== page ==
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Late in Life
Do late bloomers have a chance of success in the extremely competitive world of writing and publishing?
More and more writers these days are sprouting everywhere, dishing out their books to the world. Some are represented by agents of traditional publishers, some are self-published via digital distribution platforms. It seems the average age of these writers is in the 20s-30s range. Pretty young, compared to writers who are aged 50 and up.
I’m not ashamed to admit I’m in the “aged 50 and up.” Although I started writing in my youth, and I was already planning to write a book (I already thought of the title, “The Two Matriarchs” because it’s loosely based after my two grandmothers)—life, work and family put my writing in the backseat. Now that I’m a happily (at times) stay-at-home mom, my passion for writing fiction was rekindled twice over.
I self-published my first book–a romantic comedy crime novella–when I was 50. Was it a success? Hardly. It was more like a shocking learning experience, but I’m okay with that. It was something I couldn’t do back in the good ol’ days, and for that I’m thankful. That first book gave me the courage to continue writing.
Since then, I’ve written and published ten books, two of them anthologies, won first prize in a Short Story Writing Contest, emerged as one of top ten in another Writing Contest, joined writing workshops and communities, written short fiction and got published online. Right now, I’m in the process of getting my two new novels ready for publication this year.
I also find myself being more creative and studious than ever. The interest in learning more of and getting better at the craft of creative writing increases in me every day, as well as studying new-to-me knowledge on social networking, blogging, techie tools and the business of publishing. My other creative talents have also resurfaced, namely painting, which I became disillusioned with as a teenager. I’ve always dabbled on graphics and digital art, which now became more handy in creating my own book covers, promotional materials, and even in designing my own website.
Compared to theirs, some young, more highly-talented people may scoff at these seemingly insignificant “achievements” I’ve listed above.
But insignificant these may be to others, these are the things I never thought I could do years back. These are the things I never thought I would ever have the courage, the patience, and the ability to accomplish. Imagine that.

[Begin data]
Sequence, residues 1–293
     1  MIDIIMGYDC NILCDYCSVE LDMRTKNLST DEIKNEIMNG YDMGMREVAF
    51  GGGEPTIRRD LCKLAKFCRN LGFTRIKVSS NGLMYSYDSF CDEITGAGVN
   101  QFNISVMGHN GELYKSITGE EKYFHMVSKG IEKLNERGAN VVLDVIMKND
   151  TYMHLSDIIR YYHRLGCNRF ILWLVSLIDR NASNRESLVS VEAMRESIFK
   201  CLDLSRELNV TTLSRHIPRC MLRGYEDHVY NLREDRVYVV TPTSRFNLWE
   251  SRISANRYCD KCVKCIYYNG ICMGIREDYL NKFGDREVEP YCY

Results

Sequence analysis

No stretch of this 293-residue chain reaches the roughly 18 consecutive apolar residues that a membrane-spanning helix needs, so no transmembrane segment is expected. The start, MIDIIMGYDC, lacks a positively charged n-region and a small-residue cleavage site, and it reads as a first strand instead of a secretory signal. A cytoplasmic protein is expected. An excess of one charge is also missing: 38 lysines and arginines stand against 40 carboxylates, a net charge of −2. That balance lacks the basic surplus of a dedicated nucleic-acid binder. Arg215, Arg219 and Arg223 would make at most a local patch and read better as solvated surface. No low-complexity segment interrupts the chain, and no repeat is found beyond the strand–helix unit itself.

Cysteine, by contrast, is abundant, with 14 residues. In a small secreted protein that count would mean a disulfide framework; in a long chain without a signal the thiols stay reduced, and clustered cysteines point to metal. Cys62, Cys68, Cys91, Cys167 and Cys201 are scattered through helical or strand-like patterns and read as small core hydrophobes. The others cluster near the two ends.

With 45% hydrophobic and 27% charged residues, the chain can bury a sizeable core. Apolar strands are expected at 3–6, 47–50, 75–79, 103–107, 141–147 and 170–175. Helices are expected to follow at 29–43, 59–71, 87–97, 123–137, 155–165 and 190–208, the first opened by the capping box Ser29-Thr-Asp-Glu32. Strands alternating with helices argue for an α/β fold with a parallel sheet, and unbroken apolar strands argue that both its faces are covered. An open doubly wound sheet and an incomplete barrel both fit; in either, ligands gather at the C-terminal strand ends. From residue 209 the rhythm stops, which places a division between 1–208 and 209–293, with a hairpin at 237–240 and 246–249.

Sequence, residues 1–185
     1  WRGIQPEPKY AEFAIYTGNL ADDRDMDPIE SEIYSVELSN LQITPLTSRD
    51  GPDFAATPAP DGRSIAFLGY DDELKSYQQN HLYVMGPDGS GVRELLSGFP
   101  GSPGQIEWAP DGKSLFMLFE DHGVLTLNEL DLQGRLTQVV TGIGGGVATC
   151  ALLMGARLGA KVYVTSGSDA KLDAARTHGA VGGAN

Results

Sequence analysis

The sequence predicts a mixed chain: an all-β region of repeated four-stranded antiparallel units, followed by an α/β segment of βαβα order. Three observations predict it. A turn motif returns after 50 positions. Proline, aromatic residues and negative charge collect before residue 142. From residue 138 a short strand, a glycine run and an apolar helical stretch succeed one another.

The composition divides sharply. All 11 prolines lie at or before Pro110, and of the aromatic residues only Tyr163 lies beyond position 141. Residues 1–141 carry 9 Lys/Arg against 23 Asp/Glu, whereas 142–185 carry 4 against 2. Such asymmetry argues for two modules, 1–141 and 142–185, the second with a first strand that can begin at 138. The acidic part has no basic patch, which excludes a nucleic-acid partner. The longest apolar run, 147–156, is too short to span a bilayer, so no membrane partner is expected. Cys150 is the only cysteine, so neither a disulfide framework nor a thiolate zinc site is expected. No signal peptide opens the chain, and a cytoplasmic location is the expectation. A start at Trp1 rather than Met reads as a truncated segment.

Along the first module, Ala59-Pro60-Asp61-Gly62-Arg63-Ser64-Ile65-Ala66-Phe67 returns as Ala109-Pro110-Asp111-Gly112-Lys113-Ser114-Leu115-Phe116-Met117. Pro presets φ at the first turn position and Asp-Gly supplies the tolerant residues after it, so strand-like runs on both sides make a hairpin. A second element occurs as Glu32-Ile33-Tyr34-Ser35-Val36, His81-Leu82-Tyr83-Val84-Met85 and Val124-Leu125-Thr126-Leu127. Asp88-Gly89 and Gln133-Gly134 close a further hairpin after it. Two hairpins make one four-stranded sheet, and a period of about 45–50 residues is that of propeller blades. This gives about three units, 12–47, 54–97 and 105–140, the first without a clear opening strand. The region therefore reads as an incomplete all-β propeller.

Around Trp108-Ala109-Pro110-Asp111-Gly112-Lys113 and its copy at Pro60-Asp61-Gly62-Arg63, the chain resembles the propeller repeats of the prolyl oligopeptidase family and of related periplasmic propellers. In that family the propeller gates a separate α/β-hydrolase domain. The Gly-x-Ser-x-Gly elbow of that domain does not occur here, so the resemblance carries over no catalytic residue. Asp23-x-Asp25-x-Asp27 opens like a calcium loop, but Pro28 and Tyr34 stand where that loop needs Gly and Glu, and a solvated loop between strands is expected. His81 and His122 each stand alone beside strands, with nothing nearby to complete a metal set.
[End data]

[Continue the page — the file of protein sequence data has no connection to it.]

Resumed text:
If you ask me if it’s easy starting a writing career in my advanced age, I’ll honestly tell you it isn’t. It’s like running in a race where my competitors have a ten-mile lead against me. I have to catch up on everything: the evolving styles, the ever changing readers’ preferences, and other factors that have since become different from what I’ve known way back then. Add to these pressing concerns like health issues, insecurities and fears, and adulting priorities.
But think about this: with age comes edge.
[bctt tweet=”With age comes edge.”]
Advance in years equips us with a treasure chest of life experiences from which we can draw our own unique words and harness our literary voice to its full potential. Age gives us a deeper, wider, wiser world view. Over the years, we’ve learned the pains of growing up, of loss and failures, grief and disillusionment. Our hearts were broken, our spirits shattered, our minds confused. But from the rubbles of it all, we rose up, we learned, we seized the chance to make a better version of ourselves.
[bctt tweet=”Age gives us a deeper, wider, wiser world view.”]
That translates to a nine-mile sprint, just enough to reduce the gap and catch up with ’em young ones, don’t you think?
Old and young alike, I think there are these challenges one must take up in writing and publishing, and generally, in life, on whatever endeavour we choose to undertake:
It’s the challenge of being teachable, not just being an overnight success.
[bctt tweet=”Challenge yourself to be teachable, not just to be an overnight success.”]
It’s the challenge of learning, not just earning.
It’s the challenge to practice tenacity, not just patience.
It’s the challenge of being thankful for any good thing, big or small, and be inspired by it.
[bctt tweet=”Challenge yourself to learn, not just earn.”]
It may not be my name beside the title, “best selling author.” But it’s never too late to dream and work hard for that dream to come true. If I so choose to give myself a pat on the back for anything that sparks joy in me, that’s just me being thankful and choosing to be inspired by it.
Writing late in life is not a stumbling block to success and the fulfillment of dreams. I look at it as an adventure, a journey worth taking before the time comes to kick the bucket.
Your time is limited, so don’t waste it living someone else’s life. Don’t let the noise of others’ opinions drown out your own inner voice. And most important, have the courage to follow your heart and intuition.
1 thought on “On Writing Late in Life”
I like the report